United Kingdom Lammermuir Festival (5): Handel, Vivaldi, MacMillan, Purcell, Albinoni: Alison Balsom (trumpet), The Scottish Ensemble, Jonathan Morton (artistic director and leader). St Michael’s Kirk, Inveresk, Musselburgh (Scotland). 23.09.2011 (LV)
Handel: Concerto Grosso, Op. 6, No. 5 in D
Vivaldi: Trumpet Concerto, Op. 3, No. 7 in D (RV230)
MacMillan: Seraph (2011) (Scottish premiere)
Purcell: Fantasia on one note
Purcell: Fantasia in C
Albinoni: Trumpet Concerto, Op. 7, No. 3 in B-flat
Handel: Concerto Grosso, Op. 6, No. 7 in B-flat
The Lammermuir Festival 2011 showcased another of its audiophile venues when superstar trumpeter Alison Balsom and the crack Scottish Ensemble took on St. Michael’s Parish Church in Inveresk. Situated on the coast of the Firth of Forth, six miles east of Edinburgh, the Kirk is said to have occupied this site since the 6th century. Along with bright, shining clarity and a slightly dry acoustic, it proved a near ideal space in which to hear the evening’s program of Baroque favorites plus one new piece dedicated to Balsom by James Macmillan.
Balsom proved to be as disarming after the concert as she was brilliant during it, and even more beautiful than in her publicity photos; it was easy to believe that as a teen she had played in her local brass band in the town of Royston (perhaps recalling a more upscale scene from the 1996 film, Brassed Off). She explained that it was a B-flat piccolo instrument she played in the Vivaldi and Albinoni concertos, the latter being a particularly spectacular success, highlighted by Balsom’s liquid passagework and her bewitching dialogue in the slow movement with the Ensemble’s leader Jonathan Morton.
As brilliant as Balsom was, however, it was a transplanted Brit named George Frideric who stole the show. The modern-instrument Scottish Ensemble, led with engaging vigor and attitude by Morton, started out with one of Handel’s most glorious of the Op. 6 Concerti Grossi. Playing with engaging swing and phalanxes of sensuous color and sound (only a nearly inaudible continuo harpsichord letting the side down), the group made it immediately apparent why their Italian concertos recording with Balsom (2010, for EMI) had shot to the top of the charts and provided the label with its best-seller of the year. When the great concluding hornpipe of the irrepressibly regal Op. 6 No. 7 ended the concert, the whistling, cheering throng, probably hoping for an encore by Balsom, prompted the Ensemble to play Peter Warlock’s cheerful, brief “Basse Dance” from his Capriol Suite as a fond good-night.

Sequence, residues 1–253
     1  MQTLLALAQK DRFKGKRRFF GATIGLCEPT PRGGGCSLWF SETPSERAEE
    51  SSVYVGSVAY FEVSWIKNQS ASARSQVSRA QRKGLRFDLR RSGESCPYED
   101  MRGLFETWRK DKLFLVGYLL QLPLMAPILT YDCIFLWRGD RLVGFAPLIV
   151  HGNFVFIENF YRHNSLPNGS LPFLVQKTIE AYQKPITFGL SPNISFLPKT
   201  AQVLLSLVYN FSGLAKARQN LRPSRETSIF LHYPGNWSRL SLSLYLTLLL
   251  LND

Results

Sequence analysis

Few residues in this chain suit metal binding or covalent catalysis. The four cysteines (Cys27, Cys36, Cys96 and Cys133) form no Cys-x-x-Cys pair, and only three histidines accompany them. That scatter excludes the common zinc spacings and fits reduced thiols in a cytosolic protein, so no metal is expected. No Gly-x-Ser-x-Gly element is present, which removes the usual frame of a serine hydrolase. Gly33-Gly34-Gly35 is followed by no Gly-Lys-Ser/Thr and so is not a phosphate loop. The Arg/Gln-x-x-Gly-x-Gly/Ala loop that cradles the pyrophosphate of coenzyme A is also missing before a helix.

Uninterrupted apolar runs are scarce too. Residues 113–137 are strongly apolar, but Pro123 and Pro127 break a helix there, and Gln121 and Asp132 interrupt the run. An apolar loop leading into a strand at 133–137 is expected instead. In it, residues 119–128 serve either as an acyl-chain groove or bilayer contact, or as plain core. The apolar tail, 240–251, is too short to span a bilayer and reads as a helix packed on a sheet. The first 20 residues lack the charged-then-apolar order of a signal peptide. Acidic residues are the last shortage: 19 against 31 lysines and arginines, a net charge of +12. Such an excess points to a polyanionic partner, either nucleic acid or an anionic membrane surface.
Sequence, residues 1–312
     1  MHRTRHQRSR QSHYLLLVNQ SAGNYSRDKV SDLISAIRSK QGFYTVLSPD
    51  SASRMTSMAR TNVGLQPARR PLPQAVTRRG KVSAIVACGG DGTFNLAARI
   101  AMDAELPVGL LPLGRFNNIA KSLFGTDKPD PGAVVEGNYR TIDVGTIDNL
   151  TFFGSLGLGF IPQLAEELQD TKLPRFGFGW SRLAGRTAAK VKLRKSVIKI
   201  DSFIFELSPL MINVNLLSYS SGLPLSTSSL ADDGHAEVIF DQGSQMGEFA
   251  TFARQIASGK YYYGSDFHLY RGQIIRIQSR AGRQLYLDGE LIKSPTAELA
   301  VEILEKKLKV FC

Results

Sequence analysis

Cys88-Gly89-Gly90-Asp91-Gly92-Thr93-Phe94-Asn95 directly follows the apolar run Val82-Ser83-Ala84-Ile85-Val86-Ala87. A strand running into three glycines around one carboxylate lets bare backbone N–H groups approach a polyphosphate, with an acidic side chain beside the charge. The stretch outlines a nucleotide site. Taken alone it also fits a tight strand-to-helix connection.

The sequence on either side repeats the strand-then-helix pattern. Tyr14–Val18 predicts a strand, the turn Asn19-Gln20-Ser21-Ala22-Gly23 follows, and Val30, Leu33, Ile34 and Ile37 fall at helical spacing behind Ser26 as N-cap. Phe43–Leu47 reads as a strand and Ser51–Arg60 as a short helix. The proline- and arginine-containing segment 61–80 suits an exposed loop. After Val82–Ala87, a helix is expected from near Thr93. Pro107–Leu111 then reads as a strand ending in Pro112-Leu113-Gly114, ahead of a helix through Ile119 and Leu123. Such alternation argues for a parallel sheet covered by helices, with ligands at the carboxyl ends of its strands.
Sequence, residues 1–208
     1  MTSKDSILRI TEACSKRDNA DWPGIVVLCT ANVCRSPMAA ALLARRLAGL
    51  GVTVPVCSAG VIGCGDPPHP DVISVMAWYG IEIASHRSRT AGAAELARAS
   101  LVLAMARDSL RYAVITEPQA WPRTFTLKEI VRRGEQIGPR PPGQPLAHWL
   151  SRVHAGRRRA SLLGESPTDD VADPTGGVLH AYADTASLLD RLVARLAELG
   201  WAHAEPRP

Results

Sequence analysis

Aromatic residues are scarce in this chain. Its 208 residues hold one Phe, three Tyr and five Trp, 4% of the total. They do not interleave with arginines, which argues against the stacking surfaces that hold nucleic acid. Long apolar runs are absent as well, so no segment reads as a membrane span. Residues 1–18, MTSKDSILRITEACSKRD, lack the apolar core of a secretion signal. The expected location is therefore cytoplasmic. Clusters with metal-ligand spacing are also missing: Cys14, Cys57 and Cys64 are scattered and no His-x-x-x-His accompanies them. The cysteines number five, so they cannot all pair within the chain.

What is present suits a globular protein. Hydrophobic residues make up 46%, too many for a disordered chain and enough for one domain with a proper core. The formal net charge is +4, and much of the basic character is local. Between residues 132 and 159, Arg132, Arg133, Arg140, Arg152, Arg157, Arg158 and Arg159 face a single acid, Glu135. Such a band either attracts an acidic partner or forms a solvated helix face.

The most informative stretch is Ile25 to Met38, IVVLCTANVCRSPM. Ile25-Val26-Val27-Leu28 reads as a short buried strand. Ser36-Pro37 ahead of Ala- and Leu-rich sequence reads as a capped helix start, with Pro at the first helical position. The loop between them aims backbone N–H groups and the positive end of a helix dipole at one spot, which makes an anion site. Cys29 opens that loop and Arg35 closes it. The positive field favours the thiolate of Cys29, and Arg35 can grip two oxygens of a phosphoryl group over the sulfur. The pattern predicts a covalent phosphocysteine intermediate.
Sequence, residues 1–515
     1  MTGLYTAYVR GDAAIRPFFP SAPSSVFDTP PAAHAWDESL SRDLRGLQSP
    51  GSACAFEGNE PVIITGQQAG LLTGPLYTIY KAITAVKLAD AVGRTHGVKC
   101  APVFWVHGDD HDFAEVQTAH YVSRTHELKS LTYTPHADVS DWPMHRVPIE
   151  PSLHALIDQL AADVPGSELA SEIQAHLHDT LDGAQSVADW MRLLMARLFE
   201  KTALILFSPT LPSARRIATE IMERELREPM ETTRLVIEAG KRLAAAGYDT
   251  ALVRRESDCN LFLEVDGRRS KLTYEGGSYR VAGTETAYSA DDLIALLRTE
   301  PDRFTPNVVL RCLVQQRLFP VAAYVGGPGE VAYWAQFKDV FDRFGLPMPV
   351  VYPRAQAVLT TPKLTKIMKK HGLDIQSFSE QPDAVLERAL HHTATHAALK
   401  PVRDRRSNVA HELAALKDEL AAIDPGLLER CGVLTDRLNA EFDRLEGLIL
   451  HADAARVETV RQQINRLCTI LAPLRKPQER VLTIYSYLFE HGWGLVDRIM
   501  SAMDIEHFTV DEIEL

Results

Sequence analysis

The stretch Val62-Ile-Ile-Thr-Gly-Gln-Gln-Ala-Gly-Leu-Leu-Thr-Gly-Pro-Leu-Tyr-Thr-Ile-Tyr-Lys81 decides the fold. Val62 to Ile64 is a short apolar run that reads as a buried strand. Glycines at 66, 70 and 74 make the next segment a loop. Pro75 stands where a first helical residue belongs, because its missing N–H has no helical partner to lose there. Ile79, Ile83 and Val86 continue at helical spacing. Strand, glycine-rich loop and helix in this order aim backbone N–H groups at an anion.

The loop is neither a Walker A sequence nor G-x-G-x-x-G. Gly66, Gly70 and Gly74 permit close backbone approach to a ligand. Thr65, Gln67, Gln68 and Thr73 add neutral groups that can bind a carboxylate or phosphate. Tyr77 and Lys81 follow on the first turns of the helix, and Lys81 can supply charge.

Not necessarily lost in the shuffle was James Macmillan’s attractive Seraph, in its Scottish premiere, which made the most of its 20 minutes. (These same forces gave the world premiere earlier this year at London’s Wigmore Hall.) The trumpet’s staccato, legato runs and calls provided much enjoyable tripping of the light fantastic, while brusque chords and hushed tremolos in the strings introduced moments of Balsom’s unique sunshine. The trumpet’s final passages recall Hummel’s iconic concerto for the same instrument, before the music ends, suspended in air. For music so subtle and nuanced, it created quite a stir and the audience, at least for Scotland, went wild.
Equally magic were the two Purcell Fantasias after intermission. The first began softly, as if the string quartet were tuning, and proceeded through alternating gentle dissonance and radiance, as Purcell does – but here enhanced by a violinist strolling mysteriously across the stage before walking up an aisle through the audience. It was the ideal touch in a venue which, judging by the extraordinary jumble of the cemetery outside, must have seen its share of ghosts.
Only in its second year, another sign of Lammermuir Festival’s growing importance – and Scotland’s enlightened approach to the performing arts in general – was reflected in a chance encounter I had with a middle-aged Finnish businessman, newly enrolled in the festival management Masters Degree program at Edinburgh’s Queen Margaret University It was no surprise that one of the course lecturers is Lammermuir’s co-artistic director James Waters, formerly Associate Director at the mighty Edinburgh Festival itself. Lammermuir definitely has future wings.